Accepţiunea generală e că un copil care se dă cu fundul de pământ în supermarket e prost-crescut. Şi da, probabil că e un comportament pe care părinţii nu l-au evitat la momentul oportun. Sau poate că e prima oară când se confruntă cu el şi e interesant de văzut cum îl rezolvă. Dar există o grămadă de motive pentru care un copil recurge la comportamentul respectiv, altele decât acela că „e un copil rău/nesimţit/prost-crescut” şi alte minunate etichete bine lipite în capetele noastre româneşti (şi, aparent, şi de alte naţii). Şi sună, pentru cei care nu fac distincţia, ca şi cum, căutând motivele comportamentului, îi cauţi scuze copilului şi îl răsfeţi („e obosit, săracul”). Dar dacă ştii motivele, probabil că afli încetul cu încetul şi cum să schimbi comportamentele indezirabile, cum să le încurajezi pe cele care-i vor folosi plodului ş.a.m.d. Pe când dacă vei închide ochii la un comportament nedorit pentru că ai stabilit deja „că nu e un copil rău”, sau dacă vei oferi invariabil atenţie negativă comportamentului neplăcut al unui „copil rău”, le vei face rău amândurora. În acelaşi mod în care neascultarea argumentelor oamenilor din jur din pricină că i-ai închis deja în cutiuţe mentale şi nimic din ceea ce au de spus nu poate fi relevant pentru tine creează o societate schizofrenică, în care toţi vorbesc în paralel, cu dopuri în urechi, şi nimic nu e bun comun.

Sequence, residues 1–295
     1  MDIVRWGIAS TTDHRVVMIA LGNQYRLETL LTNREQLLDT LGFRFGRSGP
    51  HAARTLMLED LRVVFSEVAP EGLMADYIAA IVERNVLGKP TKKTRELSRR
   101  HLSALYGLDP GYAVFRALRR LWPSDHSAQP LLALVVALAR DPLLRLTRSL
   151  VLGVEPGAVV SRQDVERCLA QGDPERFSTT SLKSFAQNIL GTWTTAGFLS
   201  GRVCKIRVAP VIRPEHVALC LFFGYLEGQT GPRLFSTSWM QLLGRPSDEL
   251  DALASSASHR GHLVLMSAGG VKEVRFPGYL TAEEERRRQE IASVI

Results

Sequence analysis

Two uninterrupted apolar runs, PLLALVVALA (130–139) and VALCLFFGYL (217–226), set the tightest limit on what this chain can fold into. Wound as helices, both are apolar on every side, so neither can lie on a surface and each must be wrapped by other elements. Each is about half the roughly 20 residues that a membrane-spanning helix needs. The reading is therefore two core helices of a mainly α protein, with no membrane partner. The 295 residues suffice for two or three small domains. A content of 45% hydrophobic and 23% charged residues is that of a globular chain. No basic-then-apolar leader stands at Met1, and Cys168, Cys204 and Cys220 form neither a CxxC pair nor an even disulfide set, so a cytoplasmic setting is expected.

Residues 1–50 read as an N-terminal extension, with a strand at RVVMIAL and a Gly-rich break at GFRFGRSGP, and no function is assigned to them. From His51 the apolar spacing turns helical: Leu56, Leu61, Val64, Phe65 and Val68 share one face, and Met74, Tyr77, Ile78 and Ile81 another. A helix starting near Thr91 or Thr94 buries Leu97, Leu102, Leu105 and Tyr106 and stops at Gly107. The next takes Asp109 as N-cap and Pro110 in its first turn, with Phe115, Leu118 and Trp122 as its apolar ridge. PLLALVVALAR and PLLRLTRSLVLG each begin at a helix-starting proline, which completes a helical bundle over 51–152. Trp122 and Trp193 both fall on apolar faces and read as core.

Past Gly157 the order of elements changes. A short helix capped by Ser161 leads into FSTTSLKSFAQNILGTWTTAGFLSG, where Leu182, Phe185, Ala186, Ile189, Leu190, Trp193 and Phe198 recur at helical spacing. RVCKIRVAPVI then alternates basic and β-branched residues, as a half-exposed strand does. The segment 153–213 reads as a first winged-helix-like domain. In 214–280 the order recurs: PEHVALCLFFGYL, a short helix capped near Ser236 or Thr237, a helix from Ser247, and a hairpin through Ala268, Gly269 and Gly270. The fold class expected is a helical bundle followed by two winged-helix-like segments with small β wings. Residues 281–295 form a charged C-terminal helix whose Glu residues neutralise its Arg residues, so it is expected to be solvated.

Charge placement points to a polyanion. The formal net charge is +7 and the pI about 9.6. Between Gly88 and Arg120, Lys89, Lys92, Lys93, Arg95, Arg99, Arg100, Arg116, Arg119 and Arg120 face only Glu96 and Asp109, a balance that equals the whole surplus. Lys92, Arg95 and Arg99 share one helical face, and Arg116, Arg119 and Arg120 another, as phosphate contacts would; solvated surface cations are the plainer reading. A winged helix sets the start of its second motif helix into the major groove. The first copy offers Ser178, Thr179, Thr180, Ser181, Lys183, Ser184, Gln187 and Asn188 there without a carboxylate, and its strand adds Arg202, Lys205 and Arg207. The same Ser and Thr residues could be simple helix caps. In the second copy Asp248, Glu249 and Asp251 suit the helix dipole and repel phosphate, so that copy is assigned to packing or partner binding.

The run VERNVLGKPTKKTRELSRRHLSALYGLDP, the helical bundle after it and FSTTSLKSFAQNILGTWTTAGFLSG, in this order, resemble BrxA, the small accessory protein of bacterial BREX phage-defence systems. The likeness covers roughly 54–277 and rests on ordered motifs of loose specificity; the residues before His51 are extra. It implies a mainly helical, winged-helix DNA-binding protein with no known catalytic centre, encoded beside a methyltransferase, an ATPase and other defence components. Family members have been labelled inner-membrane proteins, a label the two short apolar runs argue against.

A greşi, deci, mi se pare o parte a procesului de creştere – care funcţionează prin trial and error, nu? Generaţia mea a fost crescută în frica de a face greşeli. În „mai bine taci decât să spui o prostie”, deşi dacă spui o prostie pe care o crezi ai putea fi corectat şi ai putea învăţa ceva. Imaginea că eşti ceva anume era mai importantă decât procesul de a deveni acel ceva. Şi cred că de asta se leagă multe poveşti pe care le-am vorbit cu fetele în weekendul care a trecut, de care însă am să mă leg altă dată… când o fi timp de la stăpânirile mele multiple.

leapşă cercetătoare cu poveşti

(la care am ajuns din blog în blog)

1. Ați citit/vi s-au citit povești sau basme în copilărie?
Poate chiar ceva românesc? Ce titluri vă amintiți sau v-au rămas dragi?

Mi s-au citit, am ascultat şi am citit cu ochişorii proprii basme de aici până-n fundul Chinei. Văd coperţi în rafturi întregi, de la coperta îmbrăcată în hârtie verde a „Zînelor din Valea Cerbului” (Nestor Urechia, dacă nu mă înşel) la cea albă cu schiţe cărămizii a poveştilor englezeşti, de la coperta galbenă a lui Apolodor, că tot l-a readus în modă Ada, până la cele negre ale celor două volume tocite grav de „Din marile legende ale lumii”, de la Micul Prinţ (căruia nu merită să-i mai descriu coperta) la Alice, de la Habarnam la Hauff, de la Grimm la poveştile chinezeşti, de la teancul albastru de 101 de nopţi până la raftul de poveşti nemuritoare de la biblioteca unde păstorea bunica. Toate mi-au rămas dragi şi abia aştept să le dau mai departe.